“I don't think there is an absolute, level, or universal definition of 'fitness.' Society overall is very unsettled about what 'fitness' actually is. Heck, the fact that we’re having this roundtable on 'fitness' shows that there is disagreement and confusion surrounding the term.

My athletes compete in a sport/activity. Each sport/activity has its own biomechanical and physiological demands. I train my athletes to adjust their physical profile to match their chosen sport/activity. The closer your physical profile matches the demands of your sport/activity, the more prepared you are. The less your physical profile matches that sport’s physiological and biomechanical profile, the less prepared you are.

Not all sport demands are exactly the same, and they can vary greatly between positions. Some may view my articulation of 'preparedness' here as their view of 'fitness.' Sure, it’s all semantics. In the end, I want to know what someone does with his working definition of 'fitness' rather than how he defines the word.”

Anthony Mychal, who is probably the most unique individual in the fitness industry, comes from a background of tricking, interning with the University of Pittsburgh’s football team, and teaching physical education. He gives more insight into the fuzziness of fitness:

“Fitness is filled with ambiguity—‘Become a powerlifter to get strong.’ ‘Play football to become more athletic.’ Fitness itself is ambiguous, as it technically means the ability to perform a task. There are many tasks in the world. Being fit for carrying groceries is different than being fit for chucking a back flip.

What is athleticism? The word ‘athlete’ in itself means ‘someone who competes for a prize.’ Yes, sumo wrestlers are athletes, but so are marathon runners and sprinters. What does it mean to become more athletic?

What are ‘aesthetics?’ Ronnie Coleman competes in bodybuilding, which is a purely aesthetic sport. Yet, how many people want to look like Ronnie? This may seem like an anal argument, but without defining where you want to go, you’ll never get to where you want to be. If your idea of athleticism is running a marathon, and my idea of athleticism is sprinting one-hundred meters, there’s a void that will never be filled. Details matter.”

Joel Jamieson, world-renowned MMA physical preparation coach and founder of 8WeeksOut, agrees that fitness needs context. Joel says:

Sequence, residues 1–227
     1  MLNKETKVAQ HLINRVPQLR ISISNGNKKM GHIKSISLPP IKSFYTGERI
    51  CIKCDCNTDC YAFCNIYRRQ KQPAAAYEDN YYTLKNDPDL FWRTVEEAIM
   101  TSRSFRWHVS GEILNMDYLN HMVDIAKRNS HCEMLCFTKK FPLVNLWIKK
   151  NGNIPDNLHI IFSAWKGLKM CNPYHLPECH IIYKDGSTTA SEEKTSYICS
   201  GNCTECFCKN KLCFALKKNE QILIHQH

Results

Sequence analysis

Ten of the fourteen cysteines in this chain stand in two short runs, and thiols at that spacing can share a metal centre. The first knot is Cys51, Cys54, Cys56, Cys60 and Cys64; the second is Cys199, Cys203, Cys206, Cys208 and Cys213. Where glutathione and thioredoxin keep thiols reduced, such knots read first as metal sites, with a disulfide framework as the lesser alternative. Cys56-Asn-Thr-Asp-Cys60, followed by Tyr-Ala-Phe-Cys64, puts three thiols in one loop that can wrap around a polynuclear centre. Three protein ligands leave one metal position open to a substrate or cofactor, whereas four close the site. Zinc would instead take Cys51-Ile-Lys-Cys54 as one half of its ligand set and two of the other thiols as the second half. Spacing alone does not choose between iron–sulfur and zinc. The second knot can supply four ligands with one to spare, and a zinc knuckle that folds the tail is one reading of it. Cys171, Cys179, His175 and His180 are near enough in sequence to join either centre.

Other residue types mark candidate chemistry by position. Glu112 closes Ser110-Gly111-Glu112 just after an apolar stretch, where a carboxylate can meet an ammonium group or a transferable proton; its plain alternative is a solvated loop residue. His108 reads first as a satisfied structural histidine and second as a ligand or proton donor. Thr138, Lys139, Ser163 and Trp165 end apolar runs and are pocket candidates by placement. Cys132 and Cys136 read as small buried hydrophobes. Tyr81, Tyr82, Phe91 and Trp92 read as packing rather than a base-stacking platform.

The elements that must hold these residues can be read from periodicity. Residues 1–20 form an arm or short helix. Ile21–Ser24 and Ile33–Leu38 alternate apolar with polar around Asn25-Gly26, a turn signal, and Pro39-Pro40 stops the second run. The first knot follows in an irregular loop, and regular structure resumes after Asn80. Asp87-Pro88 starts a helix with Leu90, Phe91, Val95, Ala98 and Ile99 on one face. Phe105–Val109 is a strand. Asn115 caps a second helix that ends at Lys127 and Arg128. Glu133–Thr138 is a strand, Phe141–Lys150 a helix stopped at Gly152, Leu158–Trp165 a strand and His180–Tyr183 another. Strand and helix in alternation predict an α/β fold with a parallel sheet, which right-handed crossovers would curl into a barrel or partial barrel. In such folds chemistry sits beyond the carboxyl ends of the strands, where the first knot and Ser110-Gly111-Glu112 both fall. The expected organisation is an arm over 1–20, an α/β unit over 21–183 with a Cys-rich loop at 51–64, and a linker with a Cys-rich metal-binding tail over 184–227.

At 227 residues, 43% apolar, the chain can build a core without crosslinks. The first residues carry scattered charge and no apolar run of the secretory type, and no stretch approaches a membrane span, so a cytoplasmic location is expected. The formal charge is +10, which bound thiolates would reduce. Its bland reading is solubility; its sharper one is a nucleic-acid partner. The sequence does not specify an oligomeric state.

“I agree with Mel Siff and Yuri Verkhoshansky that 'fitness' can only be defined within a specific context. When someone asks if a person is 'more fit' or has a higher level of 'fitness' than another, the real question that has to be first answered is, 'what measuring stick of fitness is being used?' For example, a marathon runner will certainly be using a much different measurement of fitness than an Olympic weightlifter or powerlifter. Is a world champion in one of these sports inherently more or less 'fit' than the other?

I think that fitness should always be defined in a task-specific manner. Someone’s fitness should be judged against his or her ability to complete a given task, whatever that may be. A marathon runner who completes a race the fastest is the most fit marathon runner. A powerlifter who totals elite is more fit than one who can't. An Olympic gold medalist in weightlifting certainly isn't less fit than an amateur marathon runner. It’s meaningless to try to compare fitness levels across different objectives and ask questions about which athletes have the highest levels of fitness outside the context of their specific sport. Fitness is always task-specific and context dependent and should really only be measured and discussed accordingly.”

In our next and final installment, we will put all of it to use and talk about the practical applications of this information.

To be continued...


  • Marathon world record progression. (2013). Retrieved: January 11, 2013. From: Wikipedia: http://en.m.wikipedia.org/wiki/Marathon_world_record_progression.
  • Siff M (2003) Facts and Fallacies of Fitness. 6th Edition. Denver: Perform Better.
  • Verkhoshansky Y (2009) Supertraining. 6th edition (expanded). Rome: Ultimate Athlete Concepts, USA.